From Goodreads: "Sixteen-year old Anna Sullivan is having terrible dreams of a massacre at her school. Anna’s father is a mentally unstable veteran, her mother vanished when Anna was five, and Anna might just chalk the dreams up to a reflection of her crazy waking life — except that Tyler Marsh, the most popular guy at the school and Anna’s secret crush, is having the exact same dream.
Despite the gulf between them in social status, Anna and Tyler connect, first in the dream and then in reality. As the dreams reveal more, with clues from the school social structure, quantum physics, probability, and Anna's own past, Anna becomes convinced that they are being shown the future so they can prevent the shooting…
If they can survive the shooter — and the dream.
Based on the short story "The Edge of Seventeen," winner of the ITW Thriller award."
When I started this book I was quite taken aback with the way it was written- I personally feel that the writing was quite choppy and awkward, almost to the point of sounding robotic (ie. "There is not a class on her schedule this semester that she likes. Next up, second period Chem which she understands not at all." pg. 10)- as such, I had a very difficult time connecting to everything that was occurring within it.
Furthermore, I feel that the book was unnecessarily convoluted- there were countless times while reading the book that I set it down so that I could process everything that was going on (and after every time I did this I was still no closer to understanding the book) and there were countless times while reading the book that I had to pull up the dictionary feature on my Kindle so that I could understand what exactly the author was trying to say- it almost felt like the author used a thesaurus to change every couple of words in the story to make it sound more intelligent (ie. "The dark second-floor chem lab is soporific as always, Litwack spacing out behind his desk, mug of coffee well-laced with vodka. As the class practices titration Anna can see more than the assignment bubbling at the back table: Darren and a couple other football guys are huddling too industriously over a beaker." pg. 10).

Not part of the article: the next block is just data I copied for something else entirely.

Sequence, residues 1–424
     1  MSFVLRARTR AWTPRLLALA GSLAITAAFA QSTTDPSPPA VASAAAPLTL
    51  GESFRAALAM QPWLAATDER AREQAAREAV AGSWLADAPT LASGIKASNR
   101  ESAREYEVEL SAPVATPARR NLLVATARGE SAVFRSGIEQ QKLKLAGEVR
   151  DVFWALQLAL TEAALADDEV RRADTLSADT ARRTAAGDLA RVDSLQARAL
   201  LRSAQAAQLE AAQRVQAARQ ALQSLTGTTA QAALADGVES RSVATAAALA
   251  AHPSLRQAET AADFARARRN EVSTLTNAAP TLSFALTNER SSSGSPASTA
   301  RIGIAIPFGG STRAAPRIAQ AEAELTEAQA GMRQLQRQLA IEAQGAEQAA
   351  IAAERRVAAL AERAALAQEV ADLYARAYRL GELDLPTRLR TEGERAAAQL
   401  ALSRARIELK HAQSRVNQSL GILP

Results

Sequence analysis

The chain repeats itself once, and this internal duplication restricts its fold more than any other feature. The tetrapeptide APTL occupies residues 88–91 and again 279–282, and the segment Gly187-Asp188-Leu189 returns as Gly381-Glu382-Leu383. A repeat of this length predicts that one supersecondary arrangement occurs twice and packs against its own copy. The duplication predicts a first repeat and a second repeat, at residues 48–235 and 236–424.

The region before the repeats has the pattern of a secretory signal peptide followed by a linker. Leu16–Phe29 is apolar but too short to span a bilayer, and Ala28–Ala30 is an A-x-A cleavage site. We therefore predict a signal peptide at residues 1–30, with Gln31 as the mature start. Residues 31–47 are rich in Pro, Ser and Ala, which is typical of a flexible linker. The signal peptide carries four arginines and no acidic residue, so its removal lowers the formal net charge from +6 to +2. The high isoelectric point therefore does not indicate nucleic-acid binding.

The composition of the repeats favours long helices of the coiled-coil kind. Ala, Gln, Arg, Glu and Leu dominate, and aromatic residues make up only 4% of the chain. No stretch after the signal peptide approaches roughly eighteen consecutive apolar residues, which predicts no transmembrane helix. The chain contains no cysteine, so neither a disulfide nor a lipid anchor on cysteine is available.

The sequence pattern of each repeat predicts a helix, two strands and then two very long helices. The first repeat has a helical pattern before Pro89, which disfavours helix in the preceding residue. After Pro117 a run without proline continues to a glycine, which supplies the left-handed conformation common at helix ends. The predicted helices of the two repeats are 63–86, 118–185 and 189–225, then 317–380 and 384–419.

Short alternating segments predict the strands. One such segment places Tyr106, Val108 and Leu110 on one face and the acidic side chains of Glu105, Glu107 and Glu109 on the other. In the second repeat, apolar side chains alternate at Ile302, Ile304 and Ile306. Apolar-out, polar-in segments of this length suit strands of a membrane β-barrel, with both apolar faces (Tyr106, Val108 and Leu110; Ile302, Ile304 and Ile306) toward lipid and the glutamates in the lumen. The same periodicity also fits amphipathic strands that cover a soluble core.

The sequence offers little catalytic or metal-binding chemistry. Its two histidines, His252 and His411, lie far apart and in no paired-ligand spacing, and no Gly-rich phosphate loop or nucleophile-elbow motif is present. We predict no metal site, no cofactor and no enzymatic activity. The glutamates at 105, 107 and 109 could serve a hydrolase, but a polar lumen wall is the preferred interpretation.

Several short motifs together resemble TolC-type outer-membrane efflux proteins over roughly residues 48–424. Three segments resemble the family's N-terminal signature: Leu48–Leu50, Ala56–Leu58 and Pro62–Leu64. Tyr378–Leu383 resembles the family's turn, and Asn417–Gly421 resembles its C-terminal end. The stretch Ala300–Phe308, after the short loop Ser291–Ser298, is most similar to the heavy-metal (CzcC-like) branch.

If anything the book reads more like a screenplay than an actual book, which I suppose makes sense as the author "made an interesting living writing novel adaptations and original suspense and horror scripts for numerous Hollywood studios (Sony, Fox, Disney, Miramax), for producers such as Michael Bay, David Heyman, Laura Ziskin and Neal Moritz" (http://www.alexandrasokoloff.com/alex.html). After reading the book I am left feeling similar to how I did after watching films such as "Inception" and "Shutter Island"- basically I am confused beyond belief, but know that what I just experienced is very likely a work of genius.
All in all, I think that this is one of the rare cases where, if this book were to be made into a film, the film would actually be better than the book. While I personally did not enjoy the book as much as I had hoped to, I can see fans of thrillers eating it up and asking for seconds.
I received this book from the author to read and honestly review. I was not compensated in any way for said review.